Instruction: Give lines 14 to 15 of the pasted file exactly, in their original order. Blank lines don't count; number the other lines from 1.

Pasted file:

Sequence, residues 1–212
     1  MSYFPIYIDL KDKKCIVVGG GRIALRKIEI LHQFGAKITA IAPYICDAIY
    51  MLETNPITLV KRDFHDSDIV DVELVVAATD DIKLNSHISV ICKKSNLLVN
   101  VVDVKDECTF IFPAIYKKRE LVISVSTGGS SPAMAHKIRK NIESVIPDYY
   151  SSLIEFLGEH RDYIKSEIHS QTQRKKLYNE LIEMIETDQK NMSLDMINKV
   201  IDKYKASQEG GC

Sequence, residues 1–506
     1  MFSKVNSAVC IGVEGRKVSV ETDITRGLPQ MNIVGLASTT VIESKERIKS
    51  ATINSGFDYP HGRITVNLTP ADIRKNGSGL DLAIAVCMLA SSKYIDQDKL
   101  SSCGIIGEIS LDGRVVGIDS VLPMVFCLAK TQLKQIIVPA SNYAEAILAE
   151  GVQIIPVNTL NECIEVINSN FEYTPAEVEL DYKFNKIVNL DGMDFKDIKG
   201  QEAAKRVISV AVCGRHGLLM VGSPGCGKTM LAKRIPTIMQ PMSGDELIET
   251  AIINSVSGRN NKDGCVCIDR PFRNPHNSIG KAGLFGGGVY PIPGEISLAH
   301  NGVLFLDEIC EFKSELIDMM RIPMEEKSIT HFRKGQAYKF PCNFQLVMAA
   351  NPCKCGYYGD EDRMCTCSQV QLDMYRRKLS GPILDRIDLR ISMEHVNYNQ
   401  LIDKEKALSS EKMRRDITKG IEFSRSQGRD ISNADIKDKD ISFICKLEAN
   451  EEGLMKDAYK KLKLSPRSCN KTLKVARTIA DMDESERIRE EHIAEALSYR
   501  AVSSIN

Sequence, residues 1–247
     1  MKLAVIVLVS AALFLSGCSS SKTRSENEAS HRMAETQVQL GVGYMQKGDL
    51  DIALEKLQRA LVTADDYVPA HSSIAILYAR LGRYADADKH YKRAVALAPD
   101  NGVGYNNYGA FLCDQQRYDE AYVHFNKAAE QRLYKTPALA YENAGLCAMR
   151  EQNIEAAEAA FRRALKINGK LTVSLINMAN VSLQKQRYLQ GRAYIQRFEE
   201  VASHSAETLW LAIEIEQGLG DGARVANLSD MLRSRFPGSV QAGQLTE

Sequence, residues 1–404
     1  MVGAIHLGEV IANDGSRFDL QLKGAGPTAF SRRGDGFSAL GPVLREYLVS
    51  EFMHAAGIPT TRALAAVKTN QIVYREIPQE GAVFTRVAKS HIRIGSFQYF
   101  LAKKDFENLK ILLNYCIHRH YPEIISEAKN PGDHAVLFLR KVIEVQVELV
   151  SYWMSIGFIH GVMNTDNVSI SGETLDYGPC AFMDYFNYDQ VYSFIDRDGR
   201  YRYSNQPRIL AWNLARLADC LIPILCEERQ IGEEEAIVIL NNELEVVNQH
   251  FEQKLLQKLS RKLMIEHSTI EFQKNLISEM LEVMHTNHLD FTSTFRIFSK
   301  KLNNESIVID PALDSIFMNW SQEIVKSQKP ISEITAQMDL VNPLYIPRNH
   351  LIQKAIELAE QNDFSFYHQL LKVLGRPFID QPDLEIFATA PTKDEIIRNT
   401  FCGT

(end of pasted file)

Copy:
   301  NGVLFLDEIC EFKSELIDMM RIPMEEKSIT HFRKGQAYKF PCNFQLVMAA
   351  NPCKCGYYGD EDRMCTCSQV QLDMYRRKLS GPILDRIDLR ISMEHVNYNQ